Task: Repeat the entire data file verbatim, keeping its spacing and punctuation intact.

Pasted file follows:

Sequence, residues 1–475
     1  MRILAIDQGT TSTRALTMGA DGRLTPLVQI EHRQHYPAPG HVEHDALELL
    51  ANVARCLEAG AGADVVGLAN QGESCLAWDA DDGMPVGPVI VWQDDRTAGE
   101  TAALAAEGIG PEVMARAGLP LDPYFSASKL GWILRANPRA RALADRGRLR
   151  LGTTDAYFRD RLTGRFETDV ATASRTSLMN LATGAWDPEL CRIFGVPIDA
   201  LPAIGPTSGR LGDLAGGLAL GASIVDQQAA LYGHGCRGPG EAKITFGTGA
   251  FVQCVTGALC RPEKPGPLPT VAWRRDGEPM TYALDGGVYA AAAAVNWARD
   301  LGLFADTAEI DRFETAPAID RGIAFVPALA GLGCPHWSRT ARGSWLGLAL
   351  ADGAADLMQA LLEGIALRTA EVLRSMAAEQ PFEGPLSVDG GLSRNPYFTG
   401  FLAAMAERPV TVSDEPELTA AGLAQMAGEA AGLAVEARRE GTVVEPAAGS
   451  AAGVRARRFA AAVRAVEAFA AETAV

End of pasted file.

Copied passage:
Sequence, residues 1–475
     1  MRILAIDQGT TSTRALTMGA DGRLTPLVQI EHRQHYPAPG HVEHDALELL
    51  ANVARCLEAG AGADVVGLAN QGESCLAWDA DDGMPVGPVI VWQDDRTAGE
   101  TAALAAEGIG PEVMARAGLP LDPYFSASKL GWILRANPRA RALADRGRLR
   151  LGTTDAYFRD RLTGRFETDV ATASRTSLMN LATGAWDPEL CRIFGVPIDA
   201  LPAIGPTSGR LGDLAGGLAL GASIVDQQAA LYGHGCRGPG EAKITFGTGA
   251  FVQCVTGALC RPEKPGPLPT VAWRRDGEPM TYALDGGVYA AAAAVNWARD
   301  LGLFADTAEI DRFETAPAID RGIAFVPALA GLGCPHWSRT ARGSWLGLAL
   351  ADGAADLMQA LLEGIALRTA EVLRSMAAEQ PFEGPLSVDG GLSRNPYFTG
   401  FLAAMAERPV TVSDEPELTA AGLAQMAGEA AGLAVEARRE GTVVEPAAGS
   451  AAGVRARRFA AAVRAVEAFA AETAV